It was a huge step of bravery for me to announce my decision to the people at my church, and I continually felt the need to defend my decision. I knew God had plans for me, and I knew that He wanted me to go to college to prepare me for those plans. But I felt an unspoken disapproval from those around me, a shift in their attitude toward me.

Now here I was, hiding in the dark, packing up my dreams, ashamed that my actions had ruined it all – wondering if they were right all along. Maybe I was wrong to come here.

Doubts. Shame.

Followed by anger, self-justification, self-righteousness. I knew I had made the right decision. I had “followed the will of God.”

So God, dear God, why didn’t it work out?

I drove my full packing boxes over to the post office, hoping and praying that I wouldn’t run into anyone from the school and have to answer any questions.

For the last two weeks of the semester I tried to stay away from people as much as possible, just biding my time until I could leave. On my last day, I only even bothered telling four people goodbye – two friends, my RA, and my then-boyfriend.

My brother and I drove away from that small southern town, leaving my dreams of perfection behind.


Hiding in shame is a human’s default response when confronted with their inability to obey God. Adam and Eve hid from God from the moment their eyes were opened and they realized they were sinners.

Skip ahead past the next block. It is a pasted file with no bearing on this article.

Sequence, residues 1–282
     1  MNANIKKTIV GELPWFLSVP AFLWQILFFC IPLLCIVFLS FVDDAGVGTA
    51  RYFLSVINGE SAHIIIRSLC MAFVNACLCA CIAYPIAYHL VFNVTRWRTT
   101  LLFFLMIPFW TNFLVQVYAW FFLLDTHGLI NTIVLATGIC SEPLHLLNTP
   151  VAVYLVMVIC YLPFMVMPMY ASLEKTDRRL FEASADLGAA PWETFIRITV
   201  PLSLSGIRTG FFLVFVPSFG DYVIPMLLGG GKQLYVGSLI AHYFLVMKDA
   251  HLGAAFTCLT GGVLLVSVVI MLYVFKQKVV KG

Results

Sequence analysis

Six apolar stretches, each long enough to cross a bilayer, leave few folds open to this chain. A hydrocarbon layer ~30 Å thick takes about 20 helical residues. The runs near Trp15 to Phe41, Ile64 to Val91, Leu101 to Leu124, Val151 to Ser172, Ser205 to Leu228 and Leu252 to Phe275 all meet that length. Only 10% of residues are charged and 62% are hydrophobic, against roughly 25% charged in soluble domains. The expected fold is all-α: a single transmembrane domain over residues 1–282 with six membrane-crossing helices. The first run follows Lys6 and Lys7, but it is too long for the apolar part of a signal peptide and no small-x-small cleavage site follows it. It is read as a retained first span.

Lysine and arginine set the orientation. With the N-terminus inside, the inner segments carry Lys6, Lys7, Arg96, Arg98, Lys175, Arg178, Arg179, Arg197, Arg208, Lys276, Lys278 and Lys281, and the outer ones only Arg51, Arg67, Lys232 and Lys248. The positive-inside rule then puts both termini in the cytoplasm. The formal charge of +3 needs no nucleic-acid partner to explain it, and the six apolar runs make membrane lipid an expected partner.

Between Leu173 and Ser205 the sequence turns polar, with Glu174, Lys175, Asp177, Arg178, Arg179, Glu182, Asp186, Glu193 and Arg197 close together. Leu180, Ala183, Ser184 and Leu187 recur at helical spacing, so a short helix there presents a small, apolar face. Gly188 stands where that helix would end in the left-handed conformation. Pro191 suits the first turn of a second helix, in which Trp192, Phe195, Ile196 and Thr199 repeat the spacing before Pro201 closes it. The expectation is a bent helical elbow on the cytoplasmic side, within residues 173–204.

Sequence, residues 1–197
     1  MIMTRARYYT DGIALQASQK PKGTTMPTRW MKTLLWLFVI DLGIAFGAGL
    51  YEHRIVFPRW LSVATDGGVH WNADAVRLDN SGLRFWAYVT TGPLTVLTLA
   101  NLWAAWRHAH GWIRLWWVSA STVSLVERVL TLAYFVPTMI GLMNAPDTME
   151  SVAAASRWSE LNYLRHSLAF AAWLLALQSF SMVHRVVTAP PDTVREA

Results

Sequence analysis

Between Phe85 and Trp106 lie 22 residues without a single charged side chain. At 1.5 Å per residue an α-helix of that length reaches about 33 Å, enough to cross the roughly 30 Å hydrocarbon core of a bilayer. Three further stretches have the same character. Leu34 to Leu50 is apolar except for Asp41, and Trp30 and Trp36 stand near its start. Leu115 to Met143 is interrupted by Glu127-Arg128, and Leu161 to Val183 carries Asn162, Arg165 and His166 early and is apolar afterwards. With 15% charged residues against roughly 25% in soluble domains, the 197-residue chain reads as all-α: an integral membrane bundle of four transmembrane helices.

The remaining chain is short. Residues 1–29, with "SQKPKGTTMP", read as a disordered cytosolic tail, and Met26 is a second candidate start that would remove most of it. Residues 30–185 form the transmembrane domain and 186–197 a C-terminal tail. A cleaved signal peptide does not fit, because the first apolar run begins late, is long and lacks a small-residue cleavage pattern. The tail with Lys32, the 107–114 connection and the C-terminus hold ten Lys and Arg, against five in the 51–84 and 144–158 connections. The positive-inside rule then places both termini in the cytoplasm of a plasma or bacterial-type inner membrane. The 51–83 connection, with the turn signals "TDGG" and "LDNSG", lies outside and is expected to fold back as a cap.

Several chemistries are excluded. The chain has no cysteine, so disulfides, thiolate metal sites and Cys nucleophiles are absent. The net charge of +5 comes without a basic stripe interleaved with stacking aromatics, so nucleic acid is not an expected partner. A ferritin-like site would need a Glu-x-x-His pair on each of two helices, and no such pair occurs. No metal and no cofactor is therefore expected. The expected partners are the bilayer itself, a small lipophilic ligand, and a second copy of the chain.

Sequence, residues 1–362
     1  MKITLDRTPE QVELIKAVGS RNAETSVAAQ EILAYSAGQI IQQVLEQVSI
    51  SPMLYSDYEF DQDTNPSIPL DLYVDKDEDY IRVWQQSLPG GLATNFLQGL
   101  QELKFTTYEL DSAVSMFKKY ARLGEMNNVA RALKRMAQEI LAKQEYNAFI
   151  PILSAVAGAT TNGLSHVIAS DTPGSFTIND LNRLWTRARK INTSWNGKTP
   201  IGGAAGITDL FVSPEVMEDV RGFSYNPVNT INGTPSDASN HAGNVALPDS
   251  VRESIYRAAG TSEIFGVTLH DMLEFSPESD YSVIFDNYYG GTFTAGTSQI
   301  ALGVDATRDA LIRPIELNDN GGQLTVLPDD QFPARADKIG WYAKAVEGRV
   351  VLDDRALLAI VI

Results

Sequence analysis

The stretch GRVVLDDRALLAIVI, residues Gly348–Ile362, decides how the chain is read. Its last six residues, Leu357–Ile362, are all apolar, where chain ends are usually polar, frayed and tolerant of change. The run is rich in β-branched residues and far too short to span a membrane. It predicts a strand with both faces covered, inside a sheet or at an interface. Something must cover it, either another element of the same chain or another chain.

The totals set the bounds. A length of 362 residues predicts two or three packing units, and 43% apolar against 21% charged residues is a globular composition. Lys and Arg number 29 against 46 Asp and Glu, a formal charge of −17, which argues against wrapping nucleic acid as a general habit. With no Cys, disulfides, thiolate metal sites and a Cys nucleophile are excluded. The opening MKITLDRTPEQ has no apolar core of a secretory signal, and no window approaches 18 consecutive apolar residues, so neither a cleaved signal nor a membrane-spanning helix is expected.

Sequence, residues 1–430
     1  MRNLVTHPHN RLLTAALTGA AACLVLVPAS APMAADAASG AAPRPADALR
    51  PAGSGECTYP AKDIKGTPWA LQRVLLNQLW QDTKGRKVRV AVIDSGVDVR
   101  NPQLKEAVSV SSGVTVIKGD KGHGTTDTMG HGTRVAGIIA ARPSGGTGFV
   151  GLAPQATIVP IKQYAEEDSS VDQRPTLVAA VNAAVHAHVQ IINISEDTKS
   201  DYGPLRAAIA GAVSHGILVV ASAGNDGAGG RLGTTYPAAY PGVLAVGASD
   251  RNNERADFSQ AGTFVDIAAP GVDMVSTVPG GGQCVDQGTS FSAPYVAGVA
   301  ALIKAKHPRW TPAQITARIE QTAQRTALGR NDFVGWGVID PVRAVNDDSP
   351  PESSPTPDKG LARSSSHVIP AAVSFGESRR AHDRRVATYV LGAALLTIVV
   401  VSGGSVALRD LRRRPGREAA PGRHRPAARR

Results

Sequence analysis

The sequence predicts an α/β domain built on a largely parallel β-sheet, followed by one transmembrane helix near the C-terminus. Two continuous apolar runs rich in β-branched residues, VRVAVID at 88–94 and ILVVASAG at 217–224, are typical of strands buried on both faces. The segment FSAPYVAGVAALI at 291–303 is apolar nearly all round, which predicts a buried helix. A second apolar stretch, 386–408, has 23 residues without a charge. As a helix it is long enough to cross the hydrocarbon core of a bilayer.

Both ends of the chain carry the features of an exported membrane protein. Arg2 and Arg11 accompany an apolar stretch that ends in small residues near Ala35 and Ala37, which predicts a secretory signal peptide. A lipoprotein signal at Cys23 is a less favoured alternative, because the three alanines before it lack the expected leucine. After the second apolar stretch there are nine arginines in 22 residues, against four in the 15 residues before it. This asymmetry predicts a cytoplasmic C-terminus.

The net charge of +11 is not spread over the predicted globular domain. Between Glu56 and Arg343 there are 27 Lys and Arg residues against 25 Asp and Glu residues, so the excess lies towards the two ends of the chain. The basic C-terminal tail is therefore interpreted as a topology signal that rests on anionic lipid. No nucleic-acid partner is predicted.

But God seeks us out. He calls to every human being hiding in shame. He says, “Come out, I’ve made a way for you. Look, here is the sacrifice that will cover your sins! I know, I know – you don’t deserve it, and you didn’t earn it. But I accept this sacrifice in place of your goodness. You no longer have to hide. I do not condemn you. Come to me and let my grace and love cover you and your sin!”

Adam and Eve could not accept God’s covering for their sin until they came out of hiding, until they bared their sinful, naked bodies to the holiness of God.

When a Christian believes that he must be righteous in order to maintain fellowship with God, any time he doesn’t feel righteous he will stay in hiding. The judgment of men will only keep him there longer.

Yes, sin separates us. Sin, missing the mark of God’s plan and intentions for us, shows us just how ugly we are. It shames us. But there is nothing we can do to fix it.

We cannot experience the fullness of God’s grace when we are hiding in shame.

We must come out of the darkness. We must bare our naked, ugly, sinful, shameful, helpless selves to God in all of his holiness before we can embrace the covering of grace that he has given us.

There may be chastening from God for our sin – there was for Adam and Eve. But with his chastening comes his beautiful love and grace that make a way for us.

Legalism brings shame and pushes us into hiding.

Grace brings forgiveness as we step out into God’s light.

Unfortunately, I wouldn’t come to realize these concepts for several more years. Please come back tomorrow as I will be sharing more of my story.

Are you hiding in shame today? Are you hiding because you are afraid God can’t love you in all of your ugliness? Have the accusations and judgments of men pushed you into hiding because you never feel good enough? Have you forgotten that the same grace that brought you eternal life can get you through each day that you struggle with sin? Give God your ugly! Lay it out before him and accept his grace – new and afresh every day!


To view all the posts in this blog series, visit the landing page.

Next post, part 4: when you “trust and obey” but your heart still gets broken